I have to admit i came upon this CD because of my penchant for Maestro Mercurio's talents, and not through any familiarity with O'Connor's performances or compositions.
After reading that these three pieces were joined, then separated I wondered how that would be reflected in the works.
Well, they are related, for sure, but not an ounce of unwelcome repetition between the pieces is to be found. Only a lovely continuity of themes and a consistent level of what can only be described as genuine faith, by all involved, in what is being shared.
I almost felt as if the works were being written and performed by O'Connor on the spot, with the orchestra being an extension of the fiddler, himself. This speaks to the talents of O'Connor, but also for Mercurio, who always brings his all to a performance. It is symbiotic.
I read in some other reviews that O'Connor is reflective of other composers of this century. All i can say about that is for the most part, I do not like most contemporary compositions of a classical nature. There is usually a rhythm to them that i find disenchanting, and it almost deterred me from purchasing this piece. But alas, this CD is a thing beauty from the beginning to the end. Laurie in Alaska
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12 of 16 people found the following review helpful By Andrew Colaninno on January 16, 2000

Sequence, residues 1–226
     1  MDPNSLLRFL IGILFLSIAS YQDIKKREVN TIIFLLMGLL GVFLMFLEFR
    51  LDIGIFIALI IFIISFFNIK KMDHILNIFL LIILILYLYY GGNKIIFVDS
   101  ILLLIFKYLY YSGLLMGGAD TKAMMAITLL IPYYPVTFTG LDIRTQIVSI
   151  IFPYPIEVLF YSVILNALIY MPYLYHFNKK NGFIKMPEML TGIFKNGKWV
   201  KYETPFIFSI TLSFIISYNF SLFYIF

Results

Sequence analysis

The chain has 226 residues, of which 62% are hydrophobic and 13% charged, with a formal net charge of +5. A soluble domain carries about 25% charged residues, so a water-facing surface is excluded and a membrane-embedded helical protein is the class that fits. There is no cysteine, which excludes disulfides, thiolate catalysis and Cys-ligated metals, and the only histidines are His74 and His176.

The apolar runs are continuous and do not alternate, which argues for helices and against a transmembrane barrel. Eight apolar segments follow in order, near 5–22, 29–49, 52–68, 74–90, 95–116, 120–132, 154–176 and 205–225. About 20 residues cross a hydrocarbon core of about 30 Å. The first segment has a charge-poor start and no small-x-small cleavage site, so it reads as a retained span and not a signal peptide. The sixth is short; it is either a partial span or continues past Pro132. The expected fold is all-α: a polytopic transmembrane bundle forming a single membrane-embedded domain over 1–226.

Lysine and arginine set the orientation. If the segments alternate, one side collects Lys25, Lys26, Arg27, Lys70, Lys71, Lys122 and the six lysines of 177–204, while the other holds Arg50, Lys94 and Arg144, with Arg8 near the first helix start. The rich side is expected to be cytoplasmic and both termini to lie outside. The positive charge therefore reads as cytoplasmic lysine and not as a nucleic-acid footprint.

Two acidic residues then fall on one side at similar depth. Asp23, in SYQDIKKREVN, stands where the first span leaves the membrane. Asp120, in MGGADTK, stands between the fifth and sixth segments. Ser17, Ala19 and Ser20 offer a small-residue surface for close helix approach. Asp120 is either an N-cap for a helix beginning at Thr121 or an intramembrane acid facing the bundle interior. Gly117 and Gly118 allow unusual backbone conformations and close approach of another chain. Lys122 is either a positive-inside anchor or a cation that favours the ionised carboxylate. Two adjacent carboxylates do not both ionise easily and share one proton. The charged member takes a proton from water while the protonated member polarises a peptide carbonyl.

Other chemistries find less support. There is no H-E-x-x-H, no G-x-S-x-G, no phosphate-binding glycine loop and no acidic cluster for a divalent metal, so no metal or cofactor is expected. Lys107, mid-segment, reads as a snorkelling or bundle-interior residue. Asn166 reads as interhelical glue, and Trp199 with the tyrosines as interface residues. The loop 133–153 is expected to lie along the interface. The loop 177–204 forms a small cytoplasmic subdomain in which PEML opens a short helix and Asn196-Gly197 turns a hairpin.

Format: Audio CD
There are few clasical works good enough to bring tears to my eyes at the absolute beauty of the music. This CD did. I rate it as a modern masterpiece and worthy of just about any price to acquire it.
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2 of 2 people found the following review helpful By Byron W. Eddy on February 15, 2007
Format: Audio CD
I bought this CD because I've thoroughly enjoyed O'Connor's "Fiddle Concerto" for years. With this purchase, I was hoping for something similar, and upon listening, it has far exceeded my expectations. This is now one of my favorite CDs. It is full of life and joy, and I like it more every time I listen to it. It is so rare these days to find high-quality modern orchestral compositions, especially ones that speak to the soul (as this one does).

In the CD notes, O'Connor mentions that he wrote this as a follow-up to the Fiddle Concerto. "Three Pieces" really functions as a complete work with three movements. The first and third tracks are faster, and the middle track is slow and lyrical. The fanfare at the beginning of the third track is a nice touch, and is very Copland-esque (thinking of "Fanfare for the Common Man").

Kudos to Mark!!